There are four stages of cultural adaptation: the honeymoon phase, culture shock and homesickness, recovery, and adjustment. Some people who study abroad experience all of these phases, and some stay firmly in one or two. Recently, I’ve just come out of the culture shock and homesickness phase. Let’s go into what that looks like for a low-income student of color and how we can manage it.
As a low-income student on a tight budget, I’ve felt more isolated from the friends I’ve made here who don’t have the same concerns. Some of them hold different attitudes about money and notions about what is cheap versus expensive, making travel plans and day-to-day socializing difficult to navigate.
I’m reminded that studying abroad is typically an expensive venture. Before I knew about scholarships like FEA, studying abroad seemed only for the ultra-wealthy. That hasn’t completely changed. Many of the people I meet here are notably wealthier than me and demonstrate how studying abroad is still inaccessible to so many. I’m grateful to have this opportunity because of FEA and Gilman, but there are still not enough people like me pursuing study abroad. I felt lonely, and took these initiatives to overcome it:
1. I have distant relatives here in London who I reached out to and met up with. Though I didn’t know them prior to coming here, I still felt a kinship with them, and being part of their family dynamics helped me with my homesickness.
2. I reached out to friends from my home university who are studying nearby and hung out with them. When you’re constantly spending time with new people, it’s hard to feel like your most authentic self. So spending time with my old friends truly felt like a breath of fresh air.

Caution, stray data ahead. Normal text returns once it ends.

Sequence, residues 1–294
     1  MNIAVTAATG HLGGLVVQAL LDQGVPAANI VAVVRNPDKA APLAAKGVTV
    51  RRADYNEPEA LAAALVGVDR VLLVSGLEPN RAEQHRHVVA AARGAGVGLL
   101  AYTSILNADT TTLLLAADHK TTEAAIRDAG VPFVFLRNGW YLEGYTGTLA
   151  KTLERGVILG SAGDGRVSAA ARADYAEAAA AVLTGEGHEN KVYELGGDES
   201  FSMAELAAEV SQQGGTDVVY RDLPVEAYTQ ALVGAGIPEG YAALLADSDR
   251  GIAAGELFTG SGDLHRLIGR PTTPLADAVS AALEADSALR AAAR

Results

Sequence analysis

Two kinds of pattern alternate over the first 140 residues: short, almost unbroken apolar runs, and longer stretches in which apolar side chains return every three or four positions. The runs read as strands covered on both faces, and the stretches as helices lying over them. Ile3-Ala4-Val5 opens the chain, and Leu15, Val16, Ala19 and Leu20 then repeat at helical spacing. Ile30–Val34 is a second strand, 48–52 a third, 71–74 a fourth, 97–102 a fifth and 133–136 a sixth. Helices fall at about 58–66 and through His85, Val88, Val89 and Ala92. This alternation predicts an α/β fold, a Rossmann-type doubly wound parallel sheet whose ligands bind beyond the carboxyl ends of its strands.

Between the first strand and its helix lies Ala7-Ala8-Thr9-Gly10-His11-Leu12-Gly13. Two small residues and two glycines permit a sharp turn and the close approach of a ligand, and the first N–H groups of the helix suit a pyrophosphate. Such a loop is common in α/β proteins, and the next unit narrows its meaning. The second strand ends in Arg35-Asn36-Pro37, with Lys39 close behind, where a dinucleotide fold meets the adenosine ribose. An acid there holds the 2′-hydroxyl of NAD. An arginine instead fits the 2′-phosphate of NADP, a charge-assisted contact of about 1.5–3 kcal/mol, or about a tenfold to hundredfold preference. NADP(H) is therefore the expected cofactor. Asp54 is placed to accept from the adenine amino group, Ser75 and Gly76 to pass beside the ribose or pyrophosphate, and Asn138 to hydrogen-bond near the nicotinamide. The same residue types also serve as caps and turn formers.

3. Finally, I reframed my loneliness into a “solo traveler era.” I was always scared to travel alone, but here, I’m trying something new. I’ve only been here for a month, and everyone I’ve met has different goals for their study abroad experience. So it makes sense that I won’t always have a travel buddy, and I don’t want to lose the limited time I have here stressing over finding one—especially when I could just as easily travel alone! I’ve been keeping a list of places I want to visit, and planning to hit two to three spots a week. If I find people to go with, that’s great. If not, that’s okay! Embracing the concept of solo traveling ensures I fulfill all my personal goals of studying abroad and leave here with no regrets.
It’s absolutely okay to let yourself commiserate at first, but remember the only way out is through. Picking yourself back up makes all the difference. Remember, at the end of the day, you’re in a new, exciting place. No matter what is going on around you, that on its own is something to want to make the best of.
Pictured: day trip to Dover Beach with my home friend Eleanor & my solo trip to Chinatown!